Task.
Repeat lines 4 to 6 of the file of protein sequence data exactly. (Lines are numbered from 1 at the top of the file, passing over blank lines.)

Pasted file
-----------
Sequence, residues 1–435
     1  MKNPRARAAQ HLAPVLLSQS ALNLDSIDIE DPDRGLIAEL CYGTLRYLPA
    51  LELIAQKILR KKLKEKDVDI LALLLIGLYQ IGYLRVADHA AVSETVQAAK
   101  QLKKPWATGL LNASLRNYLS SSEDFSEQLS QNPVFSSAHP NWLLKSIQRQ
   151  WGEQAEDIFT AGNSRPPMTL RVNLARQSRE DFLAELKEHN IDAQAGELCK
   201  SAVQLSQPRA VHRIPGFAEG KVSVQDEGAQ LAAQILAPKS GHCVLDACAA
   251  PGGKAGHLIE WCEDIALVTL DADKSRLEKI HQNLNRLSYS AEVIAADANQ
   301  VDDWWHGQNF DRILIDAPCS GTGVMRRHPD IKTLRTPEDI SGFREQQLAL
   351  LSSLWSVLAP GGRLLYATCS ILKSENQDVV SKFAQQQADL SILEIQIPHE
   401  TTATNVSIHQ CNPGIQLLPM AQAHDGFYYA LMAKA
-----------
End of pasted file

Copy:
   101  QLKKPWATGL LNASLRNYLS SSEDFSEQLS QNPVFSSAHP NWLLKSIQRQ
   151  WGEQAEDIFT AGNSRPPMTL RVNLARQSRE DFLAELKEHN IDAQAGELCK
   201  SAVQLSQPRA VHRIPGFAEG KVSVQDEGAQ LAAQILAPKS GHCVLDACAA